Universities should emulate US coffee chain Starbucks to keep students happy, a vice-chancellor has said.
Janet Beer, vice-chancellor of Oxford Brookes University, made the suggestion as she discussed how institutions could respond to students' changing attitudes to university.
"Social life is shifting away from the campus; they are in university to study and improve their prospects," she said.
"We have to make sure that they can do the same things that they can do in Starbucks; they can switch on their machines and have coffee at the same time."
Professor Beer's comments are quoted in a report on the sector's "achievements, challenges and prospects", published by the Higher Education Funding Council for England.
She was speaking at an event at the London School of Economics alongside David Eastwood, chief executive of Hefce, Sir Mark Walport, chief executive of the Wellcome Trust, and Ed Smith, chairman of Hefce's Governance and Management Strategic Advisory Committee.
During a wide-ranging discussion, Mr Smith, formerly a senior partner at accountancy firm PricewaterhouseCoopers, warned that universities were "not what I would call 'agile' in the private-sector sense of the word".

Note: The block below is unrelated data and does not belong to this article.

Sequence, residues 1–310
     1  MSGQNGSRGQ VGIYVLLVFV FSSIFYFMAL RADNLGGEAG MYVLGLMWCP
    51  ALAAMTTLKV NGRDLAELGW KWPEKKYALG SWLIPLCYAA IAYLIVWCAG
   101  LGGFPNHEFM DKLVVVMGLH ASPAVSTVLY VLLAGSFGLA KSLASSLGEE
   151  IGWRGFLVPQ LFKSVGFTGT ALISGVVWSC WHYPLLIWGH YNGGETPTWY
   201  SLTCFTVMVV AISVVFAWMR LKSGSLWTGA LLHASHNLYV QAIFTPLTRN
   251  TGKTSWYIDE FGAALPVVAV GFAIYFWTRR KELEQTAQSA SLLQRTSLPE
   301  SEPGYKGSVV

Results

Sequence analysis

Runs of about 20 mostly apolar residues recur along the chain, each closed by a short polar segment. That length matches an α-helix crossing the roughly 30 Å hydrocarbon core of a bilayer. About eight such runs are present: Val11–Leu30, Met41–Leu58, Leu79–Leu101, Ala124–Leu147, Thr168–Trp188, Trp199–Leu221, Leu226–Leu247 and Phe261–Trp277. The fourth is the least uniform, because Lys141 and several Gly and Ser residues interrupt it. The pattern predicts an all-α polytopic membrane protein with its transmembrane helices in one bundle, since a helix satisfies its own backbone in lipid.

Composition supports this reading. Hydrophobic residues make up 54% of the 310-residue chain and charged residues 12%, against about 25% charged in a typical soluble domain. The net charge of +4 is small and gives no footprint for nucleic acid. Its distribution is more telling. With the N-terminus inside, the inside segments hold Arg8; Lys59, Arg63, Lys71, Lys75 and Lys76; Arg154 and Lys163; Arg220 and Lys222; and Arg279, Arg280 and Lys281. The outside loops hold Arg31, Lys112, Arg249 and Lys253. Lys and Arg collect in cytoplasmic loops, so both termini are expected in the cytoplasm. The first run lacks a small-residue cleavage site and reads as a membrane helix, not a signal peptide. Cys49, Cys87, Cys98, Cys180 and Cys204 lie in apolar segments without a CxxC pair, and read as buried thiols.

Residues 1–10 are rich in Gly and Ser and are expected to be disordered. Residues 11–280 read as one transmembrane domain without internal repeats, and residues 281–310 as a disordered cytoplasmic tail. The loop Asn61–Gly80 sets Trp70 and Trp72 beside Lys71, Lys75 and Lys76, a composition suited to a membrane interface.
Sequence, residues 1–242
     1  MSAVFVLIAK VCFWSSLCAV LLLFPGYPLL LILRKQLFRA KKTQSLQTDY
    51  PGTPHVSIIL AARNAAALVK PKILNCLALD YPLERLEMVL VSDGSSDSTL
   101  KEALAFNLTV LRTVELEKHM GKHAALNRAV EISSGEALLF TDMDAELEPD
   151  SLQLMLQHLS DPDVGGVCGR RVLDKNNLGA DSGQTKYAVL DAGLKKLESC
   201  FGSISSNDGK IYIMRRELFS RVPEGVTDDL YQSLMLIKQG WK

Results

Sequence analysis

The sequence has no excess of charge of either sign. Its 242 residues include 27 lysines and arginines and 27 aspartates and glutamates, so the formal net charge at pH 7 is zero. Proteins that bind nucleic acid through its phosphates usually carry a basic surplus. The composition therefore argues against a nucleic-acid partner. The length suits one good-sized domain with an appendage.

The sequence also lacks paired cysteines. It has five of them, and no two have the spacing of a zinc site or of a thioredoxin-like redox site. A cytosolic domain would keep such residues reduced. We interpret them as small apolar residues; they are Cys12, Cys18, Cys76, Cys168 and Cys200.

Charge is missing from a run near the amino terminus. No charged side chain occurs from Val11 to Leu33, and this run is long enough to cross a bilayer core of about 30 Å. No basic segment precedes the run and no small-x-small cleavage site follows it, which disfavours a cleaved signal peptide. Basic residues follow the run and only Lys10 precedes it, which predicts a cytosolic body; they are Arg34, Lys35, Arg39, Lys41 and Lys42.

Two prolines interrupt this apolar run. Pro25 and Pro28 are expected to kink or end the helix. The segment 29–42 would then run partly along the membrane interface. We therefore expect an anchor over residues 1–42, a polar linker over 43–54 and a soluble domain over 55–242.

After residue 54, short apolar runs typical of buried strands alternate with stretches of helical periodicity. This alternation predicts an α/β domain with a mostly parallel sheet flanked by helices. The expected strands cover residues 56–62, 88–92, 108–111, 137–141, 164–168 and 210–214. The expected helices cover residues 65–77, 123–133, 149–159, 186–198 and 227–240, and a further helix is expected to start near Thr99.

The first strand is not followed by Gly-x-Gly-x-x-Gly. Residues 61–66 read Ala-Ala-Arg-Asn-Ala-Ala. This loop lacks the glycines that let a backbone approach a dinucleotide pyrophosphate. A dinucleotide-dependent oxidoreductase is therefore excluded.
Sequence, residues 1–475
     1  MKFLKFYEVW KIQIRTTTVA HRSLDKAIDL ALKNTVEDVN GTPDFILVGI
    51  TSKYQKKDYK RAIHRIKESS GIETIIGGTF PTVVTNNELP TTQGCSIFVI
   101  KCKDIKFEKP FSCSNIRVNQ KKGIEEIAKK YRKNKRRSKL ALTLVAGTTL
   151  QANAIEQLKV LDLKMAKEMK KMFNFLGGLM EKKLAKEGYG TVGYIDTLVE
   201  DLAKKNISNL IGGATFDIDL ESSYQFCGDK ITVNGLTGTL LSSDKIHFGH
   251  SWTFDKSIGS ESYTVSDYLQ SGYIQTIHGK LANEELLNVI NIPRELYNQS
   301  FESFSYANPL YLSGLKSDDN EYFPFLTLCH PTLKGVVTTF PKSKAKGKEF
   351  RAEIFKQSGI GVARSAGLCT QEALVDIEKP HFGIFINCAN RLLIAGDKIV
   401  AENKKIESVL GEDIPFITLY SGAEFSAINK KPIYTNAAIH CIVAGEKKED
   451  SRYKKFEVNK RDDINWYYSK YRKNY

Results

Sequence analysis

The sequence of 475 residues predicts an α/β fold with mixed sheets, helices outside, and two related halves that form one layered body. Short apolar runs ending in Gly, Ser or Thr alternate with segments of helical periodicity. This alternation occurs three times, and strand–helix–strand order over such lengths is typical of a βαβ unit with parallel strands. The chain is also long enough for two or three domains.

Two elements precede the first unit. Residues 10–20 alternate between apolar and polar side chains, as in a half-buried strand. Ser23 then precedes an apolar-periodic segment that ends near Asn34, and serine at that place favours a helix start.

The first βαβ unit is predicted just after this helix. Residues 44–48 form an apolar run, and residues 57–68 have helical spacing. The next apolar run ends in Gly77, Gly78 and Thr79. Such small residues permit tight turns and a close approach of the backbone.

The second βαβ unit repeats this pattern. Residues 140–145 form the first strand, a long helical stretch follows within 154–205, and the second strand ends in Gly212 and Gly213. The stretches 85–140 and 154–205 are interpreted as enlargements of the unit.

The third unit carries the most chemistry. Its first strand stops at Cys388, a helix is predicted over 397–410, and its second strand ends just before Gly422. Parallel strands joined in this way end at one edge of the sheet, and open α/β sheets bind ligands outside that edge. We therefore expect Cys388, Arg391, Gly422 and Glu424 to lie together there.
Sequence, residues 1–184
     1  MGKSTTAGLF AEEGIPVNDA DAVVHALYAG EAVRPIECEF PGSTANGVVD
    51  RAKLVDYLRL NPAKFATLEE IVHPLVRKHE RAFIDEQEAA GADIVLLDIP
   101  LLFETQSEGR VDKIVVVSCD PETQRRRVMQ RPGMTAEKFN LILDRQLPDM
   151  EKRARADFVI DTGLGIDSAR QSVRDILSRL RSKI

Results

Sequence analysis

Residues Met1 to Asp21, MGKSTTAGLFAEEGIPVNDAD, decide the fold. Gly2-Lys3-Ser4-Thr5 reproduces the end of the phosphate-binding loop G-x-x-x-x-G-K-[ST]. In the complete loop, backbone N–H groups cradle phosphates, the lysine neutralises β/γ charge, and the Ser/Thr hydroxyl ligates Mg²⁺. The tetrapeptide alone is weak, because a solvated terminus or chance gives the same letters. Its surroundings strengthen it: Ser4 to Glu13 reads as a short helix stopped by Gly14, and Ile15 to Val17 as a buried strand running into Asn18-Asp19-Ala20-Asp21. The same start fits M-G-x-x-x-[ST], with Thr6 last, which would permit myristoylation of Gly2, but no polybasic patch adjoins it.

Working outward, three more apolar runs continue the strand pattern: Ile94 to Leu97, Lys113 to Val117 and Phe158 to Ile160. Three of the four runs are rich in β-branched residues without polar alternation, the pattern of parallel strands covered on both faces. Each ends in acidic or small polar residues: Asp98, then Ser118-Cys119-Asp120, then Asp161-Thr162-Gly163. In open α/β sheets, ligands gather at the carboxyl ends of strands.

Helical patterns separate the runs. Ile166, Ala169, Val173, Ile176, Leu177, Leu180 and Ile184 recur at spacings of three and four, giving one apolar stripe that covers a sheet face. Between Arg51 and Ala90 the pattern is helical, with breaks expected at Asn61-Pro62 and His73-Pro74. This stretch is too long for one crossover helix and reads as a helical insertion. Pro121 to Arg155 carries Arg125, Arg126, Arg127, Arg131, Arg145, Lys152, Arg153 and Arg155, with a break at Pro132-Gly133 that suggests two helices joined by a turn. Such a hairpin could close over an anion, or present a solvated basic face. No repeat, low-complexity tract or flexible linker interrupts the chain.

To remedy this, they would have to develop a greater focus on "speed, changing operating models, brand, mission and reputation".
Sir Mark added: "Many (universities don't have) modern models of governance... they have got to improve their executive and governance functions."
Professor Eastwood painted a picture of higher education as "too hermetic, too self-referential".
"It is unwilling to partner with Government and policymakers in a rich way, and there is a default position that we know our business best. Do you think that's right?" he asked.
The panel also raised concerns about the UK's research and development, with Sir Mark warning that "the status quo is not going to deliver the science of the future".
Finally, the group touched on the threats and opportunities presented by the recession.
Mr Smith refused to be too downbeat: "This is a global economic recession, but it is not the end of the planet. Don't (be) alarmed by it - take action."
Professor Eastwood agreed, suggesting that institutions should put their autonomy to good use to find a way through the crisis.
He said: "What we will see is some institutions that put themselves in a position to thrive when the recovery comes, and others that find themselves quite challenged."